On 20/1/2023, one of the former PDP aspirants who never came close to wining the party primaries, Mr. Michael Enyong, emerged as submarine with a virtual court judgment purportedly ousting the candidacy of the authentic party flag bearer, Pst. Umo Bassey Eno. People clapped him as a very smart and intelligent politician. Some acclaimed lawyers, academicians and educated people celebrate depravity as a new normal and they are ready to defend anything that will help to oust their common enemy, Dcn. Udom Gabriel Emmanuel, who, according to them, has come to disrupt our political status quo ante bellum.
The known practice was that during elections, innocent people were missing, children were abducted and dismembered, babies, virgin girls, albinos, hunchbacks and certain class of persons were meant for political sacrifices because “politics is a dirty game” and must be left for people who have developed capacity to fight dirty, the society tended to believe that was the way to go.
Dcn. Udom Emmanuel is today guilty of coming to align with a few breed of people to say “No” to bloodletting politics and “No” to criminality in the name of politics.
Since after Udom Emmanuel’s hard stance against cultism, Akwa Ibom State has witnessed unprecedented turmoil in the political space where every class of people seek to form alliance to oust him and his moralist’s reformation out of government house.
Today, we have some clerics who were behind the political ritual killings boldly group under a christian formation and rise to fight against what they describe as Dcn. Emmanuel’s discriminatory policy against Akwa Ibomites for simply not allowing leveled playing ground for certified cultists, thieves, rogues and vagabonds to freely exercise themselves in the wrestle for the Hilltop Mansion.
Today, the Judiciary arm of cultists, the bandits, and pathological infamies on legal robes are joining the alliance against the Akwa Ibom people. They have sworn to do everything and anything to ensure that they reverse the yearnings of the Church in Akwa Ibom State which have prayed over the years for God’s intervention in the political affairs of our land.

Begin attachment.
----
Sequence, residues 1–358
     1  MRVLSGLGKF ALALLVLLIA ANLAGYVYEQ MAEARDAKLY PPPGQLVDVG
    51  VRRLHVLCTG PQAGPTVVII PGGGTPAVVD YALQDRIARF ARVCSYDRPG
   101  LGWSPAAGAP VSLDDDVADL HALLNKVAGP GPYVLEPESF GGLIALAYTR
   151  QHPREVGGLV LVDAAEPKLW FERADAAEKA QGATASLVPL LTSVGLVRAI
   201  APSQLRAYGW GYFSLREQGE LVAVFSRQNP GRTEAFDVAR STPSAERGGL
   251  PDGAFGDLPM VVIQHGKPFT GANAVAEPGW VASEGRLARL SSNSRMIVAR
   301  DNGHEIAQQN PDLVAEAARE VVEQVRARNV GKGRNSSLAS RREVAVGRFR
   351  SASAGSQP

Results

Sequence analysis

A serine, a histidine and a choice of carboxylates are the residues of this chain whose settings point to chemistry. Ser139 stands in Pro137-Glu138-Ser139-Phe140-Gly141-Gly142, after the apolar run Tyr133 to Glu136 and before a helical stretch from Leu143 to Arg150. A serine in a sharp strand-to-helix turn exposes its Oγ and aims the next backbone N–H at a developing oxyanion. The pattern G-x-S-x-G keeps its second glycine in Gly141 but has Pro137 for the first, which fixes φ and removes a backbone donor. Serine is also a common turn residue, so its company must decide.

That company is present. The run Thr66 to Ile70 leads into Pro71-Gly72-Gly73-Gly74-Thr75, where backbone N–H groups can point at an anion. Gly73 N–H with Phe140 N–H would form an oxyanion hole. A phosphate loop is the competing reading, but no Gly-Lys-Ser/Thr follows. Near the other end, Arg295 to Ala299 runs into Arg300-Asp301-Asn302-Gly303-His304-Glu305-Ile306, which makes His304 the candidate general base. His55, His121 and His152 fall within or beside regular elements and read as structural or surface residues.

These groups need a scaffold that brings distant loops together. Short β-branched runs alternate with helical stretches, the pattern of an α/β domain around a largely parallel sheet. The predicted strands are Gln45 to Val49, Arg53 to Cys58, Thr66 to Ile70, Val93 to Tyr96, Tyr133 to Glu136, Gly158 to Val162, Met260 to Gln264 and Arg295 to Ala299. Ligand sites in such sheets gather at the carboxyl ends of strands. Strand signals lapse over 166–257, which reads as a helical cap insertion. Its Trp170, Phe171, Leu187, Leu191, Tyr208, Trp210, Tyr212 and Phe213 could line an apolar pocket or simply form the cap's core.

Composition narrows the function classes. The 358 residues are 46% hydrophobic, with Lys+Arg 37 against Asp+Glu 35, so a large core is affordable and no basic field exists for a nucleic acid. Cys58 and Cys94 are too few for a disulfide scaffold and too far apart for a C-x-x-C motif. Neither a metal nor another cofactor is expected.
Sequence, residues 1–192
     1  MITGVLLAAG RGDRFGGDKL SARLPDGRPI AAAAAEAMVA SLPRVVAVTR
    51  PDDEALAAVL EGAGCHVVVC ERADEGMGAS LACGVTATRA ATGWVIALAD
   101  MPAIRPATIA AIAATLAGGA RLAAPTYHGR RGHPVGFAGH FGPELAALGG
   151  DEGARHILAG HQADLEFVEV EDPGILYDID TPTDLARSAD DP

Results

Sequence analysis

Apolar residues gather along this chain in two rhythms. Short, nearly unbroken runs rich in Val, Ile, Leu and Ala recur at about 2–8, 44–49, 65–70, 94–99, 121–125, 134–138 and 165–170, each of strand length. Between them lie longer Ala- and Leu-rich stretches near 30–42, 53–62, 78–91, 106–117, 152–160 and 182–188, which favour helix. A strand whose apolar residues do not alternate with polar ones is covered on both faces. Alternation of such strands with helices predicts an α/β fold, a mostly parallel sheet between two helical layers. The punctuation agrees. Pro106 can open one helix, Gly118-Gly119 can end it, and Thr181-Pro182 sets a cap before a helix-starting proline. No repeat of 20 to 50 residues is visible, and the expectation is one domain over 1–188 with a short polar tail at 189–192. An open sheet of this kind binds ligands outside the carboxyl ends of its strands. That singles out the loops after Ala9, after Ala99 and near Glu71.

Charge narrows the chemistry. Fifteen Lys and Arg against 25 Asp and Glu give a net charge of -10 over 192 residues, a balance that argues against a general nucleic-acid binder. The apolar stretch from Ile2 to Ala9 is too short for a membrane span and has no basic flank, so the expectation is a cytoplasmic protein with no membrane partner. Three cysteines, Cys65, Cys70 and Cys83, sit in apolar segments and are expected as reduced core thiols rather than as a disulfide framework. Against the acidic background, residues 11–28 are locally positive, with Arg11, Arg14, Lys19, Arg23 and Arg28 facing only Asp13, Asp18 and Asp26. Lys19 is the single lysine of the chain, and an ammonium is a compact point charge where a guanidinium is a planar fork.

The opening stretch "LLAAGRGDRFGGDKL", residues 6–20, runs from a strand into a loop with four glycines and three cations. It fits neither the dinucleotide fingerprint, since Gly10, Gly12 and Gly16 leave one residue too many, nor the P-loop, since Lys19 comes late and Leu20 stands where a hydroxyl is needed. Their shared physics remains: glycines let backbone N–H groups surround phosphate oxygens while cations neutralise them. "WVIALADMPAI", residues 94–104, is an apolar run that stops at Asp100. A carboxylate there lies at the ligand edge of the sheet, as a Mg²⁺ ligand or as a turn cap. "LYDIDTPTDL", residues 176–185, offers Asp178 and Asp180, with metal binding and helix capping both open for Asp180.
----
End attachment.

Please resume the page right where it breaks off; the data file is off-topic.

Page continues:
Today, the Judiciary which was hypothetically adjudged the “last hope of the common man” is descending into the arena of justice and is spewing venomous court orders capable of upturning and upsetting the foundation of moral rectitude laid by the present administration in the State.
Today, our Judges and Magistrates are on trial in the court of public opinion. They have unwittingly been stripped of the legal robe and subjected to trial in the same or even a worse ordeal they subject their accused (or victims) to.
For every perverse judgment, the Judges and Magistrates are writing a script that will decide the fate of their own children and generations yet unborn; and the ultimate Judge is recording detailed evidences of what is done in the quietness of their Chambers.
Today, justice is on trial and Akwa Ibom State is our model of the much touted restoration of a just legal system.
Whatever stuff a man (or woman) is made of has become manifest in the camp to which they choose to identify and lean their support.